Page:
KIT BIKE CONCEPT
The majority of the human population with a steady income prefer to drive cars over motorcycles, this is a fact. Ok so we all already know why that is. Some of these people will never feel comfortable with the concept of a 2 wheeled mode of transport no matter how you change the design. However, there is the rest of this bracket that choose not to ride motorcycles for other reasons. Why? Perhaps they feel that what is currently available on the market does not appeal to them?
So we have a new generation of target users emerging who are highly design and trend conscious, influenced by media and place huge emphasis on their social image.
How can we design a motorcycle that appeals to such a vast range of riders with varying interests, hobbies and values? The truth is we simply can’t. So how can the motorcycle be made more attractive to an individual who has their own preferences? We allow them to apply themselves to their motorcycle.
The concept of assembling a car is not new in any regard. Nor is the idea of the same principle being applied to a motorcycle, however - vehicle assembly is complicated and generally only appeals to a mechanically minded audience. However - the idea of a simple - user centered kit that can be assembled by anybody is. There is undeniably a sense of satisfaction and value in showing off something that has been built or put together by you. The idea of an icon that screams out “i built this” never seems to lose its impact. Ok, so the user becomes part of the assembly and gains a sense of accomplishment and bond with their new purchase, but how is it different? This is where individualism is key.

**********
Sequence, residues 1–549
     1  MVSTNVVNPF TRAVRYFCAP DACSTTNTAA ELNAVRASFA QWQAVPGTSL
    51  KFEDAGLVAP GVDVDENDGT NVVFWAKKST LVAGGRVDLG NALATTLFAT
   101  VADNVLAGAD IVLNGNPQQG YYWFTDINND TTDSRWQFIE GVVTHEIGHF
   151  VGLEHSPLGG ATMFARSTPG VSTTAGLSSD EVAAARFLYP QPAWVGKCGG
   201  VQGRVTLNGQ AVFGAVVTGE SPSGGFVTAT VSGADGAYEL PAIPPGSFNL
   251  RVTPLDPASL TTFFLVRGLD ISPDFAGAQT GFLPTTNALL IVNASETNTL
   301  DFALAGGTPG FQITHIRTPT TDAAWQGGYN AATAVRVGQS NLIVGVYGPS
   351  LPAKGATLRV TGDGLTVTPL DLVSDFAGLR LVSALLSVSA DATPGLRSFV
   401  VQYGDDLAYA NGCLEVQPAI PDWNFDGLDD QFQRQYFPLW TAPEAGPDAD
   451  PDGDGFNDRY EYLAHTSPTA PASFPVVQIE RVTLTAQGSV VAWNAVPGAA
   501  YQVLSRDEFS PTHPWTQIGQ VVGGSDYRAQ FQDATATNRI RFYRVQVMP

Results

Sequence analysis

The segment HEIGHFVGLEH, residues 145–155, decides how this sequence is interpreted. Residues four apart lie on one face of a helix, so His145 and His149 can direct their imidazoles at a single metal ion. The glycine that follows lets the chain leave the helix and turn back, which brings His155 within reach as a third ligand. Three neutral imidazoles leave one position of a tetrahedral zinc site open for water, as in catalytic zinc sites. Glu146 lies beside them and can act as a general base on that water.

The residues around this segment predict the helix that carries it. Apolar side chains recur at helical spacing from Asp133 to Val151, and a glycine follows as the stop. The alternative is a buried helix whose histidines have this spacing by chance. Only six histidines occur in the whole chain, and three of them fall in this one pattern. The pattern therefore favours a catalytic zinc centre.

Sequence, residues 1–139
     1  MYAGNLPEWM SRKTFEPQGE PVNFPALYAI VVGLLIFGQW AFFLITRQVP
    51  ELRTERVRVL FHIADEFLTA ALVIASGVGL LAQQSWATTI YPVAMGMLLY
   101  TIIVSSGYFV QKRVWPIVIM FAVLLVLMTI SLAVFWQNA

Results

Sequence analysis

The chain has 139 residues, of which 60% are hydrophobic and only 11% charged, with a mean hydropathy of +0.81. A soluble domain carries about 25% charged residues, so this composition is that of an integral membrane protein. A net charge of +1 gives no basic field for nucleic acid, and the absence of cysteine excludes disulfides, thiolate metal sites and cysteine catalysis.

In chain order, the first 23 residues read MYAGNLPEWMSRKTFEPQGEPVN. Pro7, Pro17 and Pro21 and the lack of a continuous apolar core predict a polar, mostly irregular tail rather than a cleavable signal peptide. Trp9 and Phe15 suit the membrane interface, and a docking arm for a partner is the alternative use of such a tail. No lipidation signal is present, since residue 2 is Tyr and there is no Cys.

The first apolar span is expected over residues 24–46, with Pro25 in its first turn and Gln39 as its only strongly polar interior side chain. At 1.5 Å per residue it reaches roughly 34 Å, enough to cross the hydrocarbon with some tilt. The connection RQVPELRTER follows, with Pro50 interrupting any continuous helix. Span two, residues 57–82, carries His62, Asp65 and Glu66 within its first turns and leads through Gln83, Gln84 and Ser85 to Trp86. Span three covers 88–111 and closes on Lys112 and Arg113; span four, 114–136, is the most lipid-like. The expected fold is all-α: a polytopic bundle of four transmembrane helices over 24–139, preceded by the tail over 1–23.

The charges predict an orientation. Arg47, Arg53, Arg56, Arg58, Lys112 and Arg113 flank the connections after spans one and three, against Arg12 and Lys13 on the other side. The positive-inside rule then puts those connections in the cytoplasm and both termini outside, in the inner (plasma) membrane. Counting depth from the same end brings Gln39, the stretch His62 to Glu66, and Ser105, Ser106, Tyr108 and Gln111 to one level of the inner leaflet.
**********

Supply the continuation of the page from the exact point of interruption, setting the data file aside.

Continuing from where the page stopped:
A motorcycle can be broken down into 7 core parts. These are what make up the bones of a bike and the rest are arguably designed to improve the experience of riding.
Drive module (motor) combustion/electric
If a basic motorcycle kit was to provide the bones for assembly of a bike, the dressing of it could be left up to the user. Snap on fairings could be custom painted, removed, upgraded, modified in the same way that the modern generation replace their phone covers. Freedom is the ability to change something on demand or choose it in the first place. Generation Z are far more driven by their social image and communicating through various mediums. The motorcycle may very well be seen as an accessible tool to do this. The key is a universal, reliable and safe ‘core’ that is graffiti’d with what ever the hell its owner wants. A whole new class of motorcycle will be one that is completely one in itself.
There is also huge potential for a open source community to emerge with competitions, tips, made to order graphics, materials, lighting schemes etc becoming available to anybody. More importantly, the process of assembly has an educational aspect to it as well. Users will become more familiar with maintaining their bike once they understand how it works and how it fits together.
Traditionally, there is the tendency for small capacity motorcycles to adopt the aesthetic of their larger and bigger brothers. Arguably, a revolution in motorcycle design would be a new wave of larger capacity bikes that are inspired by the 125cc Honda Kit. Here, there is also the potential for longevity. Owning a bike that isn’t the “learner utility”. Can bigger motors be fitted within the same frame once the rider becomes more experienced?
The Kit Bike.